Bayesian Probability

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Bayesian Probability

A revision of a previous probability based on new information. In Bayesian analysis, one makes mathematical assumptions about unavailable information. As that information is gathered and disseminated, the Bayesian probability corrects or replaces the assumptions and alters its results accordingly.
References in periodicals archive ?
The article demonstrates that the distinction between objective chance and epistemic probability can be drawn, and operationalized, at every level of description.
Epistemic probability distributions assigned to elements of fire risk are specified and propagated though models of the multi-attribute selection by means of Monte Carlo simulation.
There is an important difference between giving each person the greatest equal epistemic probability of surviving and giving each the greatest equal chance of surviving.
In the case Bradley describes, Batman can afford each person a two-thirds epistemic probability of surviving at 1 p.
is either to give each the greatest equal epistemic probability of surviving or to give each the greatest equal chance of surviving.
11) It would be an odd moral position for Batman to take that it is permissible to knowingly afford C no objective probability of surviving a particular situation, so long as he gives Alice, Bob and Carol a reasonable epistemic probability of surviving.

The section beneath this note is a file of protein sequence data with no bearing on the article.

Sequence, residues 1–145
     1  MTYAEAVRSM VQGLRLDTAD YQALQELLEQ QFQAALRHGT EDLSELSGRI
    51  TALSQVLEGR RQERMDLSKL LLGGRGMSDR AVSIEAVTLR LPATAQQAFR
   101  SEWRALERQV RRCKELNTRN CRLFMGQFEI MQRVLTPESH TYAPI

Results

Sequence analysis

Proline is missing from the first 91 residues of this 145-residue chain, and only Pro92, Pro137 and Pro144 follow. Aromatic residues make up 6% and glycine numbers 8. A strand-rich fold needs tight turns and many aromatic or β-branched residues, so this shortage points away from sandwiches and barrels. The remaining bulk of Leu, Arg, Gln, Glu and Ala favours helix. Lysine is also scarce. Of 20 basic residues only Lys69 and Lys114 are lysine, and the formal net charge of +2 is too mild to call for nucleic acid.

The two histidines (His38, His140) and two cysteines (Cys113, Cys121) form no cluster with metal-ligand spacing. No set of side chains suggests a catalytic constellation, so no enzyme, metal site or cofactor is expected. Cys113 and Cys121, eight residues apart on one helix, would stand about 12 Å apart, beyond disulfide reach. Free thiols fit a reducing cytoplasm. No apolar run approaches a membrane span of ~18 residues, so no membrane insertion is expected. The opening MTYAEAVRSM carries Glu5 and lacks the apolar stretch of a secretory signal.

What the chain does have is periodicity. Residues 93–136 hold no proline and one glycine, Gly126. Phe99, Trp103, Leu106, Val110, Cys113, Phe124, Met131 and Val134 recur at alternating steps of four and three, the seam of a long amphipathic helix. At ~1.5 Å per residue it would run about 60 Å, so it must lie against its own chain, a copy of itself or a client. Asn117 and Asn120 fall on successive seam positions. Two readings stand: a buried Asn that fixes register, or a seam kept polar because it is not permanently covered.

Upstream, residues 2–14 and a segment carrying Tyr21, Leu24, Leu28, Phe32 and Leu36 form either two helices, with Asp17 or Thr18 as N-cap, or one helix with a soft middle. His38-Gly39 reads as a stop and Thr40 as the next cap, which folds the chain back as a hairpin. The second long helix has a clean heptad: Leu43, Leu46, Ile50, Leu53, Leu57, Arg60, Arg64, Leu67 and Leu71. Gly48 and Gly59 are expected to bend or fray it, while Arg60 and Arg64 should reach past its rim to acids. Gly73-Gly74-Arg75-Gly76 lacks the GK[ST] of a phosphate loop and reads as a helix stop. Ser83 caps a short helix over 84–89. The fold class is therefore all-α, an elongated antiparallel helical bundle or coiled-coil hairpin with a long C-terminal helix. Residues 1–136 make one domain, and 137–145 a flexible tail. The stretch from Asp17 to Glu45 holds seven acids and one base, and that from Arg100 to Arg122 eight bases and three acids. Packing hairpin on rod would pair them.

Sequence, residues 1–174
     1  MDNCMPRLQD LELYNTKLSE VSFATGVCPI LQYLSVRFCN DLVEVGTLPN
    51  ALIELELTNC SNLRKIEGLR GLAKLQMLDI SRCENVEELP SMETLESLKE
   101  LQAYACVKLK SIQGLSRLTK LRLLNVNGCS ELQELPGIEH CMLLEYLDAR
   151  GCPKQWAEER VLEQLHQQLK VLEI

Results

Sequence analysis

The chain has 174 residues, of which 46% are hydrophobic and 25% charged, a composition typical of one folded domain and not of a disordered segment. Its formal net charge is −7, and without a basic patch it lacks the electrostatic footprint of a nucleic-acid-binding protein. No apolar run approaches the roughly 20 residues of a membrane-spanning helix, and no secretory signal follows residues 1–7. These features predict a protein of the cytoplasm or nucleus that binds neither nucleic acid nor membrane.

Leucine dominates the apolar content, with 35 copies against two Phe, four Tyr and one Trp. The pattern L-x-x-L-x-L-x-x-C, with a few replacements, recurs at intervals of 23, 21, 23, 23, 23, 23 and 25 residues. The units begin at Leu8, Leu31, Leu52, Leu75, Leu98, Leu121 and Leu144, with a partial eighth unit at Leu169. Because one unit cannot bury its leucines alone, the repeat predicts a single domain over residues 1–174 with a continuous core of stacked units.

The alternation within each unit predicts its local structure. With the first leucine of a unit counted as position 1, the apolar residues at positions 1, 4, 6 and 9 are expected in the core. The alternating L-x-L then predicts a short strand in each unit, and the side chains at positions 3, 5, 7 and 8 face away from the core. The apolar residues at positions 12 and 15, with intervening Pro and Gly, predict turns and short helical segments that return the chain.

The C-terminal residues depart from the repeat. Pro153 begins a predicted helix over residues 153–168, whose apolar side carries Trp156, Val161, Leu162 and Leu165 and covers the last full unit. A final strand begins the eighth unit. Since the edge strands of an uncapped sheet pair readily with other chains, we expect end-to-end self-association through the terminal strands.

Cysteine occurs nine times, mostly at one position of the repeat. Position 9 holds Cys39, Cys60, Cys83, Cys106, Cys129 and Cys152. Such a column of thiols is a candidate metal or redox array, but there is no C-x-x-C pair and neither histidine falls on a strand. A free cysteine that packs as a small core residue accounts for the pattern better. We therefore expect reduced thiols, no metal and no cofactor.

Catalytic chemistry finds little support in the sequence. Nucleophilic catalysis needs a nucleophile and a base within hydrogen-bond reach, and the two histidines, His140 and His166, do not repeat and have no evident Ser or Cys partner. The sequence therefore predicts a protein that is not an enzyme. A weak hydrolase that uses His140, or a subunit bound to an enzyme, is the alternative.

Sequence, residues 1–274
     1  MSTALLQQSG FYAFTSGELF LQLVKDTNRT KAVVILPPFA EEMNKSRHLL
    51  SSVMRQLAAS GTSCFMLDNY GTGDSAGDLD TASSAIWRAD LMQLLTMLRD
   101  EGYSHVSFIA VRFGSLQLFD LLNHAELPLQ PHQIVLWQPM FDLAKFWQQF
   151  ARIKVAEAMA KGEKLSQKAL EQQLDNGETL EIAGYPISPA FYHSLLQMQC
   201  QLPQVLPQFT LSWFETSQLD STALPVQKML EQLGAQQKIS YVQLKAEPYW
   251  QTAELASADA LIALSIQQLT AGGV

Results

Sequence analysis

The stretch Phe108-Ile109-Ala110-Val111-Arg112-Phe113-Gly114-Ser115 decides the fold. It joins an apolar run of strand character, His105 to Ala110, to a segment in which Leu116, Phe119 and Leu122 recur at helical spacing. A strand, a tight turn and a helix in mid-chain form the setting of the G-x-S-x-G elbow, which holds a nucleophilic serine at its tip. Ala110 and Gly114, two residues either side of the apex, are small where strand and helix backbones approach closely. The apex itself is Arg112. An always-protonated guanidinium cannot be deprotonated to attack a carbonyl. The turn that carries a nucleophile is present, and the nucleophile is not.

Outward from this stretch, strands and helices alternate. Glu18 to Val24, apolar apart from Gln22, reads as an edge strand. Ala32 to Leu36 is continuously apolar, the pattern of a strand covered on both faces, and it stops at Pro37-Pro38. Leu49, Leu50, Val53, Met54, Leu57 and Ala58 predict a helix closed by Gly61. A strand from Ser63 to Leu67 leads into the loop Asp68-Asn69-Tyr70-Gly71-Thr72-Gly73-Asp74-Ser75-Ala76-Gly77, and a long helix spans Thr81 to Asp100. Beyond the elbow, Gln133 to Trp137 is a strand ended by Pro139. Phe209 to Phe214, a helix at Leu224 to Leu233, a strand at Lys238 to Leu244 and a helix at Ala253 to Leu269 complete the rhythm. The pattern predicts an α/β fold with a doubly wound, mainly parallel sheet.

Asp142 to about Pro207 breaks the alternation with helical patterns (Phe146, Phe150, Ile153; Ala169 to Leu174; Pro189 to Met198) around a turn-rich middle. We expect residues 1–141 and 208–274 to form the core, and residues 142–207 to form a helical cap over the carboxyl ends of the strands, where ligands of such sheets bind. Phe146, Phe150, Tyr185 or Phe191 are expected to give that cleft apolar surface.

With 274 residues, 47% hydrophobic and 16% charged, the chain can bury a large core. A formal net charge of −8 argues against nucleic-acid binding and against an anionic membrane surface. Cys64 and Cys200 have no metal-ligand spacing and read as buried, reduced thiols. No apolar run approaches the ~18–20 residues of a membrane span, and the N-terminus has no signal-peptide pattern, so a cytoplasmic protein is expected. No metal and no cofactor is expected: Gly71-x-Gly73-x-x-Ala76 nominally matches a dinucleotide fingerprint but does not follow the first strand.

It is easy to let the intuition that Batman ought to save the larger number mislead you into thinking that he ought to provide each the greatest epistemic probability of being saved.
This paper argues for a doctrine it calls "infallibilism," which is stipulated to mean that If S knows that p, then the epistemic probability of p for S is 1.
Once more, Alston takes a keen-edged scalpel to various central issues such as externalism versus internalism, reliabilism, foundationalism, coherence, truth-conduciveness, epistemic virtue, skepticism, contextualism (though Alston means something different by it than the view now widely disputed in the literature), and epistemic probability.
It is at least conceivable that we could justify our belief that memory is reliable without relying on anything but introspective knowledge of "memory" states and a priori knowledge of epistemic probability relations (if such a priori knowledge is possible).
The chapters that follow discuss the epistemology of self-knowledge, memory, other persons, testimony, perception, and induction, as well epistemic probability and a priori knowledge.